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Henri Martin

(French, 1860-1943)

Henri-Jean Guillaume Martin was born in Toulouse, France in 1860. He studied art formally under Jules Garipuy at the Ecole des Beaux-Arts in Toulouse and while there he also studied with Eugene Delacroix. In 1879 Martin moved to Paris and worked in the studio of Jean-Paul Laurens. He received his first medal at the Paris Salon in 1883 at the age of 23 and went on to hold his first exhibition there three years later.

In the early years of his career Martin was awarded a scholarship which took him to Italy. This journey was to have a profound effect upon his artistic development. Before visiting Italy, Martin's early style was largely based upon a classical, cold and correct technique which focused on the idealised historical characters and events popularised by the Paris Salon. In Italy however, Martin discovered the beauty of colour and light, both in nature and in the works of the great masters, such as Giotto and Masaccio. Inspired by what he saw he abandoned the academic style of his earlier works and adopted a style that utilised radically short brush strokes and divided the picture into a mass of small and visible strokes. In many ways this technique was reminiscent of the works of Georges Seurat.

Back in Paris, Martin received the gold medal at the Salon in 1889 and became a member of the Legion of Honour. He painted some unusually large pictures for the Neo-lmpressionists and won great acclaim when he exhibited them at a one-man show at the Mancini Gallery in 1895. Furthermore, he won the Grand Prize at the World Fair in 1900. As the prestige and popularity of Henri Martin grew, he was commissioned to paint some important murals for the city hall in Paris in 1895, and for the Capitol in Toulouse in 1903-1906. During this busy period in his career, Martin also became good friends with the sculptor Auguste Rodin.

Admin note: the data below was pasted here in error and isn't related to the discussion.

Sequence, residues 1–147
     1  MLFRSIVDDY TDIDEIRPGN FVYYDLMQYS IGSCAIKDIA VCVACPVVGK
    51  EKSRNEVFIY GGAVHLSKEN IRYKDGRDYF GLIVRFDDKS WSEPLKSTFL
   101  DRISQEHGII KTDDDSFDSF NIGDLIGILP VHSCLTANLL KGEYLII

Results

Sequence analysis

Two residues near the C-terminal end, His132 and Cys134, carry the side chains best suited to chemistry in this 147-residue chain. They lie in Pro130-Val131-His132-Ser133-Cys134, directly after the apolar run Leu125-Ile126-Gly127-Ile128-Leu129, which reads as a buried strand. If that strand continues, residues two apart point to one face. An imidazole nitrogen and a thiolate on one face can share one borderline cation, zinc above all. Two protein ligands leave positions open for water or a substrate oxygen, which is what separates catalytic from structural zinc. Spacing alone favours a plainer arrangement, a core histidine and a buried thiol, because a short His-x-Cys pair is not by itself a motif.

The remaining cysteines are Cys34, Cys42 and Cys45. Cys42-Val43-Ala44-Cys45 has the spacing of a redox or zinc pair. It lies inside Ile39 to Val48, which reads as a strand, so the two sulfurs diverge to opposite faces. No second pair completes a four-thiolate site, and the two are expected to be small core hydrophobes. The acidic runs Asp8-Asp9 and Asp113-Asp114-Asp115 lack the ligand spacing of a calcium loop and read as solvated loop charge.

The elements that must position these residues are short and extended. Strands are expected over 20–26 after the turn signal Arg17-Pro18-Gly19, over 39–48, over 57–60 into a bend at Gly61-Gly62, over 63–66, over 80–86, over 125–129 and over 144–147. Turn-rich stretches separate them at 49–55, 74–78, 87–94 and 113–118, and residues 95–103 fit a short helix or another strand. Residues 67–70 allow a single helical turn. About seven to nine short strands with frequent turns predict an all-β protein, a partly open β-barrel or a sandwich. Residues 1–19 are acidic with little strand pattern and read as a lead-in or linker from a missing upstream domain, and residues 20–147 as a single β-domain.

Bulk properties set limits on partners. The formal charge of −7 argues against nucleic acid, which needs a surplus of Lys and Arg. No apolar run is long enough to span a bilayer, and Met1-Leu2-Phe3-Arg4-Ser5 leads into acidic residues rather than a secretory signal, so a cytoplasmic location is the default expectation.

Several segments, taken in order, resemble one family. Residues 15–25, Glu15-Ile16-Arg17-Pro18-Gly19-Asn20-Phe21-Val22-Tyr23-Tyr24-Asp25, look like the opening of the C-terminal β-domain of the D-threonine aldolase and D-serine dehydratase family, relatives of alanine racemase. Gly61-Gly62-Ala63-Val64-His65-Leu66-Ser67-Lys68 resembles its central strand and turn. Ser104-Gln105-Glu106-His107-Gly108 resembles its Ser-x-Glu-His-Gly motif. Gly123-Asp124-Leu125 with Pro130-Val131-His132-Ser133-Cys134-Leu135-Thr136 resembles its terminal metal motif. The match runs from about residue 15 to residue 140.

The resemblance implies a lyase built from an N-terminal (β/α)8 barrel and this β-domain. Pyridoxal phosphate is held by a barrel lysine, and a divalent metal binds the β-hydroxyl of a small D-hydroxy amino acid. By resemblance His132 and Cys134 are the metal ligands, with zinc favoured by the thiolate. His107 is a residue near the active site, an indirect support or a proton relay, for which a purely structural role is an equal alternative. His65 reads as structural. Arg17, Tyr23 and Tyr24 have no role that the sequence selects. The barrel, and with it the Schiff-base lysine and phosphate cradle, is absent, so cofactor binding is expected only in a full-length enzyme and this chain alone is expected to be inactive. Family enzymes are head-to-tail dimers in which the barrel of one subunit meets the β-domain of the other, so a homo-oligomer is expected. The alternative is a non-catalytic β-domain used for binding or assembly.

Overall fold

Though a well established and commended artist, Martin remained shy and introvert throughout his life, even refusing contracts from many successful Parisian dealers. By the turn of the century he found that he no longer enjoyed living in Paris and began searching for an ideal home elsewhere. Eventually he bought a mansion overlooking La Bastide du Vert, near Cahors. In this relaxed and tranquil setting Martin began painting the countryside around his home almost exclusively and found a style and technique with which he was comfortable. The colourful and light filled canvases he produced at this time are widely considered to be amongst his most successful works. Henri Martin's painting changed very little from this time onwards and he continued to paint the environs around his home until his death in 1943.

Henri Martin